I say let’s have as many as possible and let the market decide who gets to survive (with reasonable regulations regarding the location of dispensaries). Why should consumers subsidize poorly run businesses? We shouldn’t.

Gene Keenan, Oakland

“Oakland’s Culture Clash,” Seven Days, 10/14

Oakland Needs a Housing Impact Fee

Robert Gammon offers a few suggestions to Oakland’s new residents to help ease the tensions of displacement. But beyond strolling Lake Merritt or visiting a Fruitvale taco truck, both new and long-time residents need to get engaged and hold our elected officials accountable to their recently passed Housing Equity Road Map.

As the Express has pointed out repeatedly and James Vann highlighted in a recent article, Oakland has been slow to adopt the kinds of regulations on developers that have long been the norm in other cities like Emeryville or Berkeley. An impact fee, a key recommendation of the Road Map, would help ensure that developers who benefit from Oakland’s significant investment in zoning and infrastructure pay a share of their profits forward to the community.

While some critics argue that new market-rate housing alone will relieve the region’s housing shortage and promote affordability, the Bay Area’s broken housing market will never build homes truly affordable to working families, seniors, or people with disabilities.

Many of the jobs at Uber will not be high-paying tech jobs but lower-paying clerical and administrative jobs, and those people will need homes they can afford. While the recent announcement that Uber will pay approximately $1 million for affordable housing under the city’s existing commercial linkage fee program is a big step, it’s only a first step (and another case of a big company getting kudos for simply following a law already on the books). The city has a responsibility to help generate more funds for affordable homes from residential development as well so that all Oaklanders can benefit from new economic growth, live close to jobs and transit, and stay in their long-time communities.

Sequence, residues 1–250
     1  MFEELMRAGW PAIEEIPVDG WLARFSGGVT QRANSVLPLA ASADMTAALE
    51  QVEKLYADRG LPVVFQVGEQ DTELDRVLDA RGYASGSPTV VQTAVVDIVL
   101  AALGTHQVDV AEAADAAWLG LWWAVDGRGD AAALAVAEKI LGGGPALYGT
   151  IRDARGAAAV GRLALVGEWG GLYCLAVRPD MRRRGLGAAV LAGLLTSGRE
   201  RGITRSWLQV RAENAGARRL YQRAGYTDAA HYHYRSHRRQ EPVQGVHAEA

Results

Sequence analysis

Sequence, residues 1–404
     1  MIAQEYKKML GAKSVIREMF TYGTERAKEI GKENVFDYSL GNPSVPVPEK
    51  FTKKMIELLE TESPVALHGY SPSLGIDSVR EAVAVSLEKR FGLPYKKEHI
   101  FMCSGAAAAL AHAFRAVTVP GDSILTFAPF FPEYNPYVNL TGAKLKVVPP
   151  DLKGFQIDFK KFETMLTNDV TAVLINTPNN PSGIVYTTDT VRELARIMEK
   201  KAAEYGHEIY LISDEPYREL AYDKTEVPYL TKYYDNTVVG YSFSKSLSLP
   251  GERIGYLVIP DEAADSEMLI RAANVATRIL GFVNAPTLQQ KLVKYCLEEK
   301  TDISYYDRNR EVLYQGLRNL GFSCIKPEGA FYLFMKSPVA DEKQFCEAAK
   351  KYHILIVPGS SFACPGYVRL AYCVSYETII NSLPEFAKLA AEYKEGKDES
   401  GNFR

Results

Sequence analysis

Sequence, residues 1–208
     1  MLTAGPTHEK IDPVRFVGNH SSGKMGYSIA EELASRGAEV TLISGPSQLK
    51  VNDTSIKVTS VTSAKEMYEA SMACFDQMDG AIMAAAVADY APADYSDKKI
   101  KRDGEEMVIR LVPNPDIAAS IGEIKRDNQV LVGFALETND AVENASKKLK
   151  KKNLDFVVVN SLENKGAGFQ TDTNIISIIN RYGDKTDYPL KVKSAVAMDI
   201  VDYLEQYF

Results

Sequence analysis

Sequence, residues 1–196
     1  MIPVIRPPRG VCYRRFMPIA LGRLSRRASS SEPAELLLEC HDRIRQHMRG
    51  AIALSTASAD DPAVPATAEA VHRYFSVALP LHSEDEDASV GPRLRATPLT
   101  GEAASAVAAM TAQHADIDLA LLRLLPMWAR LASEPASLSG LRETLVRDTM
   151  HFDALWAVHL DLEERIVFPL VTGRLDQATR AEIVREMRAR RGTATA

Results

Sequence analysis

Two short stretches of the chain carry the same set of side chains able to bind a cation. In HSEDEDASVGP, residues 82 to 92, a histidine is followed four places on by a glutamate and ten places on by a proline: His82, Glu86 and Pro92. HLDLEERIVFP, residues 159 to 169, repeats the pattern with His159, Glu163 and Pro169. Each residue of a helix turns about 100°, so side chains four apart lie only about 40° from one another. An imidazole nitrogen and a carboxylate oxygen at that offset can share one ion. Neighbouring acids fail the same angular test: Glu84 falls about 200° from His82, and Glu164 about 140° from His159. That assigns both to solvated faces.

Asking private developers to contribute to affordable housing is by no means a silver bullet — but it’s the least we can do. And we don’t need to sell Oakland short. Yes, for years, this city lacked the kind of investment that flowed to our neighbors — and we’re due a share of that prosperity. But if Berkeley can consider charging $30,000 a unit and Emeryville can approve a $28,000 per unit impact fee, Oakland should look at these numbers as important frames of reference. Because 27 other Bay Area cities have fees or inclusionary requirements, it’s not even a risky policy move. What will take political guts is making sure that the fee is high enough to make a difference, that thousands of units in the pipeline aren’t exempted, and that most of it is devoted to housing — other crucial needs like libraries and parks should be prioritized through the city budget instead. A city as big and vibrant as Oakland — with a worsening housing affordability crisis and an incoming tech giant — can’t afford to remain behind the times.

Ask your councilmember to pass a real developer fee that will help build more permanently affordable homes. And tell them they need to enact the tenant protections, condo conversion laws, and other recommendations developed in the Housing Equity Road Map and being considered by the mayor’s housing cabinet. We need solutions now, and they’re within reach.

Gloria Bruce, executive director of East Bay Housing Organizations, Oakland